Practice at the Chicago Zen Center has from the very beginning been built upon a strong teaching tradition. Philip Kapleau, the Center's founding teacher, is widely recognized as one of the major contributors to the establishment of an American Zen in the Harada-Yasutani tradition. His Three Pillars of Zen continues to serve as a sure guide for anyone interested in getting to know something of Zen from the inside out.
At its founding in 1974, the Chicago Zen Center was an affiliate of the Rochester Zen Center, where Kapleau was abbot. When Kapleau passed on the abbotship of the RZC to his Dharma heir, Bodhin Kjolhede, responsibility for the CZC was passed on as well. Both Kapleau and Kjolhede would travel to the Midwest (Chicago or Madison, WI) at least twice a year for sesshins, and CZC members often made the trip to Rochester to attend longer sesshins there.
Their dedication to the Chicago sangha helped the Center to grow, and by 1996 the CZC was large and established enough to warrant its own resident teacher. Sevan Ross, who had trained extensively in Rochester, moved to Chicago that year and was made its first autonomous teacher in 1997. At the same time, the CZC became financially and administratively independent of Rochester, but the CZC continues to maintain strong Dharma ties with RZC and the other sanghas throughout the world that have their roots in the Kapleau-Kjolhede teaching tradition, the Cloud-Water Sangha, and its ordained lineage, the Three Jewels Order.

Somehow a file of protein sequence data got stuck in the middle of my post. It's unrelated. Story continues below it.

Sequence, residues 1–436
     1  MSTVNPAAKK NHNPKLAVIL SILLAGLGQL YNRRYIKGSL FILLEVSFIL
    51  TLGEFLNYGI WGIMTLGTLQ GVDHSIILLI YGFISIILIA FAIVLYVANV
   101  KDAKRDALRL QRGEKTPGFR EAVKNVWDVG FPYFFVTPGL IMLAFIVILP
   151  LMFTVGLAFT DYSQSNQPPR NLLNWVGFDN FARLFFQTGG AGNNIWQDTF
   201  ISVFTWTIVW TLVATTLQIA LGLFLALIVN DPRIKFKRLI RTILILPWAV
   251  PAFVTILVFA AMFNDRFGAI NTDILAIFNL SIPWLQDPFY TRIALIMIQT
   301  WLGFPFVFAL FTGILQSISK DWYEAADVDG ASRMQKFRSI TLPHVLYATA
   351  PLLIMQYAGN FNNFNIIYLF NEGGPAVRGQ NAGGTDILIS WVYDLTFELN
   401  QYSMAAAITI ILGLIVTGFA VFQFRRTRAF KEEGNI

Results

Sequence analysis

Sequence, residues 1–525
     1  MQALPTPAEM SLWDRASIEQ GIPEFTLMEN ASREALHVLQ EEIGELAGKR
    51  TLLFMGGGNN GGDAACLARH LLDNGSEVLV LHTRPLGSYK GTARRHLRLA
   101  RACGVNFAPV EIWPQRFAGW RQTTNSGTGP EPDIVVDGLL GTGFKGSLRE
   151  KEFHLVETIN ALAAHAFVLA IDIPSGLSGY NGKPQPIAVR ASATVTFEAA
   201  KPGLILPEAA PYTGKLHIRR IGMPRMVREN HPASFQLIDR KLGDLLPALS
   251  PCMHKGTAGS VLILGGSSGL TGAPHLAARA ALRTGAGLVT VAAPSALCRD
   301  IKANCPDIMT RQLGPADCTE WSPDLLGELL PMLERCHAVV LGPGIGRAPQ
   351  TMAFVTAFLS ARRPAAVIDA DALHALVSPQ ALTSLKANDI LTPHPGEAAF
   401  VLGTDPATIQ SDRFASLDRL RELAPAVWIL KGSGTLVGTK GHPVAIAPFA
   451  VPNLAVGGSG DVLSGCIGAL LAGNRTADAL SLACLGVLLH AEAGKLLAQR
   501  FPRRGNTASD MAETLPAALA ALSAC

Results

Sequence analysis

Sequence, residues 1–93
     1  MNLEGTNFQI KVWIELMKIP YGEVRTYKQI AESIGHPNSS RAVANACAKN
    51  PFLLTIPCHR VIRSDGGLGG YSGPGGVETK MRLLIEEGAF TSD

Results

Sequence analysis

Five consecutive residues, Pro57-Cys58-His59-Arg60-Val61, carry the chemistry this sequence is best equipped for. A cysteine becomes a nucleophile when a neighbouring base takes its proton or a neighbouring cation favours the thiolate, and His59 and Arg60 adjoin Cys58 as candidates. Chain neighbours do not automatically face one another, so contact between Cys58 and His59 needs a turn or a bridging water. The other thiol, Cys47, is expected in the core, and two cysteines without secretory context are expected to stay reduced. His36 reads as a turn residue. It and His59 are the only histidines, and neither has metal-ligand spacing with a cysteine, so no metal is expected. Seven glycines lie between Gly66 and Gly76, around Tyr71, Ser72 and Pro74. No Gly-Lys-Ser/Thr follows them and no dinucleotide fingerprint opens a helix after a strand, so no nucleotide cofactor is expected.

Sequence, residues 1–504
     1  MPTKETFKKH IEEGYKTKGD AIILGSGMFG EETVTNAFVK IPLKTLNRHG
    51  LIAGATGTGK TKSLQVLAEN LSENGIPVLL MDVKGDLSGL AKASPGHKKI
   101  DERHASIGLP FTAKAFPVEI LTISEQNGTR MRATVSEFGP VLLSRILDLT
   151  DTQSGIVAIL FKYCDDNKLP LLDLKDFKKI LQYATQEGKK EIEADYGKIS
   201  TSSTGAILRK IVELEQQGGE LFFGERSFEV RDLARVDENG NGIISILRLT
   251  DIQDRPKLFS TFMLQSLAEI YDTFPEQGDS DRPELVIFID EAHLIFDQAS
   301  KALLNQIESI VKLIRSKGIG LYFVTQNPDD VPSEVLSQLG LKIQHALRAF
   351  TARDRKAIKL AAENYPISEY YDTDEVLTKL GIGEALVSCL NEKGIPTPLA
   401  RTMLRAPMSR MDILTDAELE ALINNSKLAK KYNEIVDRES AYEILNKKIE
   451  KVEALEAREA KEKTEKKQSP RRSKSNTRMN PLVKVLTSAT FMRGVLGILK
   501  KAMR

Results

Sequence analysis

After almost a decade and a half of tireless service, Ross decided the time was right for a new teaching generation to guide the Center. Yusan Graham was sanctioned as a teacher in 2009, ordained a priest in 2010, and installed as the new abbot that same year. Under his leadership the sangha stabilized and grew both in numbers and in the spirit of dedicated practice.
In 2021 Yusan sanctioned Shodhin Geiman, a priest of the Center since 2010, as a teacher in his own right. In 2023 Yusan retired as abbot and designated Shodhin as his successor.